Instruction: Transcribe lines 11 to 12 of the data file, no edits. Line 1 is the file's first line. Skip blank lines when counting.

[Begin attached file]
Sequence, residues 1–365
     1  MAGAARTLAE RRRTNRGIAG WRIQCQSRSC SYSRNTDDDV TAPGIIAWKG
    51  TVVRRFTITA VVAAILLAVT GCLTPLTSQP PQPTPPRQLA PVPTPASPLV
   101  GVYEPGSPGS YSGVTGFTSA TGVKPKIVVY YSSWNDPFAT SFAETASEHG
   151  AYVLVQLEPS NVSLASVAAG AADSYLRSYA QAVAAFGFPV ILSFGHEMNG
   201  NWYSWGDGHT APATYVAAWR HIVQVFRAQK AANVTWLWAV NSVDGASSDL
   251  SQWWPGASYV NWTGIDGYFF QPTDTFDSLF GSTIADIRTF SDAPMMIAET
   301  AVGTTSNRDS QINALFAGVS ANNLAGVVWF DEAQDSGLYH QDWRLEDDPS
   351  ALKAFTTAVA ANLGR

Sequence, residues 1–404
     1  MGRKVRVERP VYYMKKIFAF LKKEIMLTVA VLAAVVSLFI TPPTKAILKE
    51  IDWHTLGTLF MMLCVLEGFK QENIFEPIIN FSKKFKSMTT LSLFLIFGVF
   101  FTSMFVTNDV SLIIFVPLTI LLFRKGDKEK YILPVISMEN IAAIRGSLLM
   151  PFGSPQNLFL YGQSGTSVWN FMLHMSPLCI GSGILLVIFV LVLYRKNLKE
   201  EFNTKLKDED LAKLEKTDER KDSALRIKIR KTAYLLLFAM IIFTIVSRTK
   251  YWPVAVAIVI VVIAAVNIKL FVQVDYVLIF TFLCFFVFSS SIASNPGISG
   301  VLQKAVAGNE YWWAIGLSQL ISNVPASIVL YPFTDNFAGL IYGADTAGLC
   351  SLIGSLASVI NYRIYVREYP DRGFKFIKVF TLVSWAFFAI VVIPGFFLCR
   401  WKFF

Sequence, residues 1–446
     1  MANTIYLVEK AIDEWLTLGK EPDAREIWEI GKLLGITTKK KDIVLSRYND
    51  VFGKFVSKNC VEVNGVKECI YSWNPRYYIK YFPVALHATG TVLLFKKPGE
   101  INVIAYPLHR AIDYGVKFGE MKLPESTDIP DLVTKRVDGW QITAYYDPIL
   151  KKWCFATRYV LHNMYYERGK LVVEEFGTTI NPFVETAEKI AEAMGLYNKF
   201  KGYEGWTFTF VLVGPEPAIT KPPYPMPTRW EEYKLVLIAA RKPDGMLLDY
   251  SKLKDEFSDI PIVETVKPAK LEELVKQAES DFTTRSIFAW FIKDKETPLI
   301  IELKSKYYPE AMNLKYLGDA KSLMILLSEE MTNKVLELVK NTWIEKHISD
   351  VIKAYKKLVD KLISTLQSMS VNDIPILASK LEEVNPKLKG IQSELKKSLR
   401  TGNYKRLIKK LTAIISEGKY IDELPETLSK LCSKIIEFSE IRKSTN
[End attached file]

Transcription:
     1  MGRKVRVERP VYYMKKIFAF LKKEIMLTVA VLAAVVSLFI TPPTKAILKE
    51  IDWHTLGTLF MMLCVLEGFK QENIFEPIIN FSKKFKSMTT LSLFLIFGVF